In several of your books you touch on the relation of the classical natural law tradition to the Ten Commandments.  I have a question:  Is there any tradition of connecting natural law not to the Ten Commandments, but to the Noachide commandments discussed in Jewish tradition?  I ask you this question because I cannot seem to buy into the belief that Sabbath commandment is fulfilled by the Christian Sunday.


I think you are asking at least four questions (each of them interesting).  What is the relation of natural law to the Decalogue, or Ten Commandments?  Does the Sunday observance of Christians fulfill the commandment about the day of rest?  Is that commandment part of the natural law too?  Finally, could it be said that the natural law bears a similar relation to what rabbinical tradition calls the Seven Commandments Given to the Sons of Noah?  Let’s take these in order.

As to the first question:  Provided that they are properly understood, the Ten Commandments are a superlative summary of the general precepts of natural law -- of the unchangeable principles of right and wrong of which even a person who has never heard of the Christian faith should be aware.  By “properly understood,” I mean two things.  First, only the moral parts of the Ten Commandments can reasonably be said to belong to the natural law; certain other parts belong to the divine ceremonial law of the Jews.  Second, each of the Ten Commandments must be read broadly; for example, the commandment against theft is to be viewed as prohibiting all injury to another person in his property, theft being merely a particularly conspicuous example.  This is a “metonymy,” a figure of speech in which a part represents a whole.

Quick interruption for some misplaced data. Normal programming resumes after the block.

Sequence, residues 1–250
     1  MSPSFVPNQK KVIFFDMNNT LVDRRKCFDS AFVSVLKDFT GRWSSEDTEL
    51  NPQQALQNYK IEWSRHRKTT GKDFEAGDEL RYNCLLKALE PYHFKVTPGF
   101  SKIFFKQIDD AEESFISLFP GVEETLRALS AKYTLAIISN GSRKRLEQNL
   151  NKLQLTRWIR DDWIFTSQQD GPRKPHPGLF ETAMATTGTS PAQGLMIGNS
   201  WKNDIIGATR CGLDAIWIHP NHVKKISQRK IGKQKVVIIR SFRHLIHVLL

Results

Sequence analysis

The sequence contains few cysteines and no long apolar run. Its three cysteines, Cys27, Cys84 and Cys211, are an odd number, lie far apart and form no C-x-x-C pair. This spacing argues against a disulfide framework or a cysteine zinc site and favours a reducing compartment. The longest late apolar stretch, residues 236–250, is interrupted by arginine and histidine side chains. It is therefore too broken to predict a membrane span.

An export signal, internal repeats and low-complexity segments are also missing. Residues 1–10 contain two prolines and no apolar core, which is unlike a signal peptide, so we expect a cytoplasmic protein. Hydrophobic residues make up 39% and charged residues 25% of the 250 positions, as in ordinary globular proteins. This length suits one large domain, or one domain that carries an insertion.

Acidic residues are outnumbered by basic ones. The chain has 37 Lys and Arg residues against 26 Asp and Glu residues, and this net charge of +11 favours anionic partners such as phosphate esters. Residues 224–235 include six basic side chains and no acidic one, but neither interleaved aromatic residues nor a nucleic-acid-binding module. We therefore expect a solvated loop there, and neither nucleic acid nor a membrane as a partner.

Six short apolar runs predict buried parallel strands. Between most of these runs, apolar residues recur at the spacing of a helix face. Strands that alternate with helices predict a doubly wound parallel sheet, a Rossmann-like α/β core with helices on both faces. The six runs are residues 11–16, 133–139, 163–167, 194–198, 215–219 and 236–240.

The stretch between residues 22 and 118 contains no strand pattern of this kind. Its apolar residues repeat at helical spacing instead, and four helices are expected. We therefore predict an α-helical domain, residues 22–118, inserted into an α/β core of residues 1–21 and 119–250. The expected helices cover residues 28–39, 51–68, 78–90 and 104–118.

As to the second and third questions:  The moral part of the commandment concerning the day of rest is that times and places should be set aside for worship of God and remission of labor.  Yes, this is a part of the natural law, so it applies to everyone and cannot be changed.  However, the instruction to which says this must be done on the seventh day is a part of divine ceremonial law, which can be changed.  True, it cannot be changed by anyone, but as we find in recorded in Matthew 16:17-19, Christ gave the Church the authority to “bind and loose.”  This is why Christians have always believed that Sunday observance fulfills the commandment for them.

As to the fourth question:  According to Jewish oral tradition, after Noah’s family emerged from the ark, the “sons of Noah” – this expression means the descendants of Noah, which includes not just Jews but everyone now living -- were given seven commandments.  These seven, which go beyond what is actually written in the Genesis story of the flood, are usually stated like this:

1. There must be courts (this is a metonymy, representing provision for the administration of justice).

2. There must be no idolatry.

3. There must be no blasphemy.

4. There must be no incest (this is another metonymy, representing sexual immorality in general).

5. There must be no bloodshed.

6. There must be no theft.

7. There must be no eating of flesh torn from living animals.

Yes, just as you suggested, when read broadly the Noachide Commandments are sometimes considered another summary of natural law.  However, the Decalogue is more complete.  You were concerned about the Decalogue just because of the Commandment about the day of rest and worship, but as we have seen, we can dispose of that fear by distinguishing between the moral and ceremonial aspects of the Decalogue.

If you would like more detail about the Decalogue as a summary of natural law, you’re in luck.  Open up the Companion to the Commentary and read pages 221-225.  For connections with the New Testament, read the next few pages too.  There is more, but perhaps that will do for starters.